]. In the case of replication fork repair, the covalently bound topoisomerase must still be displaced from DNA in order to reinitiate processive synthesis. We propose that the topoisomerase is displaced by RuvAB, which has recently been shown to branch migrate D-loop-like structures and simultaneously displace covalently-bound ciprofloxacin-topoisomerase IV complexes [61
], or perhaps by Rep or UvrD helicase, which have both been shown to displace bound proteins from duplex DNA [62
]. Following PriA recognition and binding, a processive replication fork is reestablished. However, with the continued presence of ciprofloxacin these processes will continue, resulting in the persistence of the RecA-ssDNA filaments, which eventually degrade enough LexA to derepress the error-prone, SOS-regulated polymerases (pathway D, ).
The data suggest that the induction of substitution mutations requires the derepression of all three SOS-regulated polymerases, Pol II, Pol IV, and Pol V. While the evolution of resistance to ciprofloxacin by substitution mutation is to our knowledge the first process found to require all three of the E. coli
inducible polymerases, this observation is consistent with previous studies showing that multiple polymerases are required for some mutations [9
]. It is also consistent with the two-step model of translesion synthesis, wherein one specialized polymerase is required for dNTP misinsertion and another for continued synthesis (mispair extension) [9
]. We propose that the induced mutations conferring antibiotic resistance in vitro and in vivo are the result of Pol V mispair synthesis [66
] and Pol IV mispair extension [10
], while Pol II may be required to initiate replication restart [41
] (after which it may be replaced by Pol V and then Pol IV), or to fix the nascent mutation by extending the primer terminus sufficiently to avoid exonucleolytic proofreading upon reloading of Pol III [69
]. This process continues until mutations are made that allow for the resumption of normal DNA synthesis.
The key signal that links the cellular response to the antibiotic with the evolution of resistance appears to be the RecA-ssDNA filaments that are formed to facilitate the repair of antibiotic-mediated DNA damage. These RecA-ssDNA filaments also induce LexA cleavage and derepression of the mutagenic polymerases. We suggest that a similar mechanism might also serve to induce mutation and evolution in response to other antibiotics, or other forms of cellular stress, where DNA damage per se is not involved. For example, the ratio of ATP to ADP determines the level of supercoiling in the bacterial genome [17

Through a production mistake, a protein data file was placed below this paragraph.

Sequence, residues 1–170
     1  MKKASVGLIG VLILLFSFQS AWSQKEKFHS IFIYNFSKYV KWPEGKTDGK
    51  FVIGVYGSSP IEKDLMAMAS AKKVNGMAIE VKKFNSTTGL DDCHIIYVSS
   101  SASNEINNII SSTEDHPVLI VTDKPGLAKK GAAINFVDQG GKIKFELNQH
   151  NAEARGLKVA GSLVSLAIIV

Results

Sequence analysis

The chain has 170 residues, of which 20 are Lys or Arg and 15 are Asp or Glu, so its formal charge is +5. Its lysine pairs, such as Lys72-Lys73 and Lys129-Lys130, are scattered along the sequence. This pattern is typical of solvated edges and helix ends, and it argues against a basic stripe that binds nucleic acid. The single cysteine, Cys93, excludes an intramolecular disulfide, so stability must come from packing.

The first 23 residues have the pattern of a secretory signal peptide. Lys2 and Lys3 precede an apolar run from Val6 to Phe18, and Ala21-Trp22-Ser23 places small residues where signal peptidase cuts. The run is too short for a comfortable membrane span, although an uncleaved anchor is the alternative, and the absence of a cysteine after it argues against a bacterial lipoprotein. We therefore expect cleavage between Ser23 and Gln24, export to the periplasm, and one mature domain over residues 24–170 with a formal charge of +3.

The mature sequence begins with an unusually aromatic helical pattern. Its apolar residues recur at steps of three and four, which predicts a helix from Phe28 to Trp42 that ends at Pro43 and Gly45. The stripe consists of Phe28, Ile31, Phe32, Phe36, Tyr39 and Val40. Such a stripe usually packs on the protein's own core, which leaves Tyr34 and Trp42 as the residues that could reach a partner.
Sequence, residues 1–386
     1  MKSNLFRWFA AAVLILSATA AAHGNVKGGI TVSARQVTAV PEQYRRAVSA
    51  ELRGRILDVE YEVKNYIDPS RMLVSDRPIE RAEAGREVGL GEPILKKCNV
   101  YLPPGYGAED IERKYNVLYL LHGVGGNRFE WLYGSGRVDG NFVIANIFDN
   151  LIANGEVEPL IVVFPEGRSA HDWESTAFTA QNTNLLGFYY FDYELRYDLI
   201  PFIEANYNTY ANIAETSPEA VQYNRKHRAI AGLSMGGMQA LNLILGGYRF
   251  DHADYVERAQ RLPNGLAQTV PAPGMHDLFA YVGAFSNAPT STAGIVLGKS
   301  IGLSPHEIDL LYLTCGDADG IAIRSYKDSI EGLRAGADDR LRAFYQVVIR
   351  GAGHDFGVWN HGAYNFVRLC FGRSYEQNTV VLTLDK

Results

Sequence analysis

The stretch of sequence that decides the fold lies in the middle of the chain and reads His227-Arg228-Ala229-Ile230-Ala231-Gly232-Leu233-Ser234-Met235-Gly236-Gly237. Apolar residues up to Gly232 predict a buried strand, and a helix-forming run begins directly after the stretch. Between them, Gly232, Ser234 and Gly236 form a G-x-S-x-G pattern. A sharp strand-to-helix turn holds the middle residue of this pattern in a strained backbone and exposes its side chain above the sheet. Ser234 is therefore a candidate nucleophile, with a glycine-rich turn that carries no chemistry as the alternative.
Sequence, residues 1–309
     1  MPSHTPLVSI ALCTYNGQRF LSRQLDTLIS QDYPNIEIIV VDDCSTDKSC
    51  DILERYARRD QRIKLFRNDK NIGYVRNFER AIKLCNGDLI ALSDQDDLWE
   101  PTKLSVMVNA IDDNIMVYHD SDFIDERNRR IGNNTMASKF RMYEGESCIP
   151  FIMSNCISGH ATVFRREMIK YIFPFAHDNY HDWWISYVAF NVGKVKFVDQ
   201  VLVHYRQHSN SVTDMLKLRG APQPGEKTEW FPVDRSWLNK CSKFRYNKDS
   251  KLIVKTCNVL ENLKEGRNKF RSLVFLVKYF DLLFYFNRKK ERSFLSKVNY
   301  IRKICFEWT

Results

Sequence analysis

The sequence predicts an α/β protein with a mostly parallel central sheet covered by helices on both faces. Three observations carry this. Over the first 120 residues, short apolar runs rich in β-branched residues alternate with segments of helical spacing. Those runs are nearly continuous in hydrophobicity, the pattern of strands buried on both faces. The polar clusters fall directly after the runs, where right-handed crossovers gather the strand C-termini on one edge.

], and both increased and decreased levels of supercoiling inhibit replication fork progression [70
]. Thus, different stresses that perturb metabolism (i.e., alter ATP/ADP ratios) might also alter DNA topology and result in stalled replisomes; recombination-based rescue and RecA-ssDNA filament formation; and the induction of mutations required to reestablish a normal cellular environment. Interestingly, it has recently been shown that β-lactams can induce the SOS response via a two-component signal transduction system [71
The traditional paradigms of DNA replication and mutation suggest that resistance-conferring mutations are the inevitable consequence of polymerase errors, and offer no obvious means for intervention. In stark contrast, the model described above suggests that bacteria play an active role in the mutation of their own genomes by inducing the production of proteins that facilitate mutation, including Pol IV and Pol V, as has been suggested with other forms of mutation [7–15
]. In turn, this suggests that inhibition of these proteins, or the prevention of their derepression by inhibition of LexA cleavage, with suitably designed drugs, might represent a fundamentally new approach to combating the emerging threat of antibiotic-resistant bacteria. Future efforts will focus on determining the generality of the observations, in terms of both other pathogenic bacteria and other antibiotics.